Summer Thoughts Are you getting away this summer? Taking some weekends off? Maybe a week or two abroad? These months are commonly a time to slow things down a bit, or at least carve out more time for 'self' and family. After all it's summer, and summer has a special rhythm. Each season has its own unique beat. As we move through the days, months and years, we need to pause and identify each season's tempo, embrace its particular character and grow with it. So, let’s think about summer: What is particularly striking about this season? Obviously, summer is a time of increased light and warmth; we have longer daylight hours, and higher temperatures. In other words, summer is a time when the sun is in fuller glory and effect. Now think about your own internal seasons. There are times when we go through an internal winter, when our internal ‘sun’ - the soul – doesn’t seem to be shining, when our moral vision and priorities don’t express their full light into our daily lives. There are times when conscience and values are in relative hibernation, when the spirit is cold, and personality growth seems a part of the distant past. Then there’s my internal ‘summer.’, when my internal sun shines. My soul summer is about feeling the internal capacity for spirituality and warmth. So if I’m able to relax a bit from the everyday stresses and ‘get away’, then I need to use that opportunity to synchronize myself with nature; I need to connect with my own internal summer by increasing the light and warmth in my life. We each have valuable relationships - with loved ones, with our community and with our G-d – and relationships need nurturing. So if you’re running on fewer cylinders this summer, and have some extra space in your brain and heart, those relationships could probably use some extra warmth. You have an internal sun. Let it shine. Shabbat Shalom! Rabbi Yanky and Rivky Klein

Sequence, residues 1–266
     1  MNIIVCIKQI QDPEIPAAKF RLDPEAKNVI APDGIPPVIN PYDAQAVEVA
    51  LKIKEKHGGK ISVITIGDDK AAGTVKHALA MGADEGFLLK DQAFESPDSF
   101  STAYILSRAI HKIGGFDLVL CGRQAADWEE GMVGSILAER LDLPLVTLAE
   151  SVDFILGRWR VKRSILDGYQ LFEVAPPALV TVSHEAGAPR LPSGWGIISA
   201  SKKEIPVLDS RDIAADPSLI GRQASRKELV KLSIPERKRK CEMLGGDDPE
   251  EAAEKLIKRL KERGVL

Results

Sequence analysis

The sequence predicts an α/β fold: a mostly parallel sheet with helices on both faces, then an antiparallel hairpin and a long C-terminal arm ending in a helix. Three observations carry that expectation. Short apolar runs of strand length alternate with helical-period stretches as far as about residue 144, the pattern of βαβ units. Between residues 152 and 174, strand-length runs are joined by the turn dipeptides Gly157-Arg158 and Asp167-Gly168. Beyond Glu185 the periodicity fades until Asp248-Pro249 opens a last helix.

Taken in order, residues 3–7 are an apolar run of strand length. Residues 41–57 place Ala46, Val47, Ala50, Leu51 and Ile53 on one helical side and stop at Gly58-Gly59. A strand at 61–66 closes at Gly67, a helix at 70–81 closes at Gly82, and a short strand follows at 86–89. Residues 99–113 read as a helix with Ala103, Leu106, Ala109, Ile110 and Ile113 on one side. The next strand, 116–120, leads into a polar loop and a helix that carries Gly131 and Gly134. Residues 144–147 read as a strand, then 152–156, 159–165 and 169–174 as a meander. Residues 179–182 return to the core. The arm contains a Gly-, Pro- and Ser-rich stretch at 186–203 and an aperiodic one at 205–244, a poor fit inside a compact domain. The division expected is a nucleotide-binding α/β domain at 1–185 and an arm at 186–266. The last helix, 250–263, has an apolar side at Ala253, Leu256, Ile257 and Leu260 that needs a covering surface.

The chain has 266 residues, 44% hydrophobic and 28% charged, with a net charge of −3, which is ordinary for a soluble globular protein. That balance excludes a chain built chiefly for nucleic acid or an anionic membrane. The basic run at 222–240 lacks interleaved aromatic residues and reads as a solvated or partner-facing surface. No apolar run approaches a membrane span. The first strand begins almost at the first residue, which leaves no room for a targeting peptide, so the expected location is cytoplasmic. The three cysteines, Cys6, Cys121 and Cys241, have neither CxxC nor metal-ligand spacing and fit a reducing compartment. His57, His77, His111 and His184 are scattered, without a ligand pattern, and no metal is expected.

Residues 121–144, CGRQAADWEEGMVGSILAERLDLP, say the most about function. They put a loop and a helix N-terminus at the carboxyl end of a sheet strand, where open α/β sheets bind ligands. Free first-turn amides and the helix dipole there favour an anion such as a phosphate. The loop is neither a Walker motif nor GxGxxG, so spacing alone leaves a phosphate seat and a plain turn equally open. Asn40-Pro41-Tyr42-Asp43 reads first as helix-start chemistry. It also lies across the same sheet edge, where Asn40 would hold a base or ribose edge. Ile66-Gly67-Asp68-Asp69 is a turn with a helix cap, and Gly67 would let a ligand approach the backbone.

This email is In Loving memory of my dear father R' Yerachmiel Binyamin Halevi ben R, Menachem Klein OBM

Living the Rhythms

Shabbat Candle Lighting Times for Moscow, Russia Friday, July 15th Light Candles at 20:46 Shabbat, July 16th, Shabbat Ends 22:30 Torah Portion: Chukat

Living the Rhythms Years ago, I was standing with a friend, a seasoned businessman, as his 38 year-old son walked by. Nodding toward his son, he muttered to me: “My son needs to understand that the stock market doesn’t always go up”. It was an interesting insight for me. You don’t understand life until you grasp the human journey’s comprehensive rhythm; until you appreciate that living is about ups and downs. Ups and Downs. If anyone thinks they’ve experienced only one, they’re either mistaken or need to wait just a wee-bit longer; the other will come soon enough. We all have both. But ‘down’ is where we feel the pain. Stress isn’t pleasant, and problems are….problems. But that is life; and, until Moshiach arrives, problems will continue to disrupt our lives. And so much of life depends on how we deal with problems. Rabbi Yosef Yitzchak Schneersohn, the 6th Lubavitcher Rebbe, was brutally imprisoned - for spreading Judaism and helping Jews - by Stalin’s regime. Yet, years after reaching freedom, he would occasionally try to recapture the horrible experience, mentally transporting himself back to the gulag and its pain. Why? Not because he enjoyed the pain and suffering. But because he valued the character, the strength of Principle, he encountered within himself. The Rebbe never looked for pain, but when it came his way he didn’t waste effort on blame and self-pity; he faced it with dignity, and it became a growth experience. Today, Thursday, 12 Tammuz (June 20) is eighty-six years since the Previous Rebbe was finally given the wonderful news of his freedom from Soviet prison. It’s a day when we celebrate freedom. It’s also a day when we remember the pain. And it’s a day when we search ourselves to find our own inner strength to help us survive, and grow through, life’s pain. Because that is – in the final analysis – true freedom of character and soul. L’chaim. Shabbat Shalom! Rabbi Yanky and Rivky Klein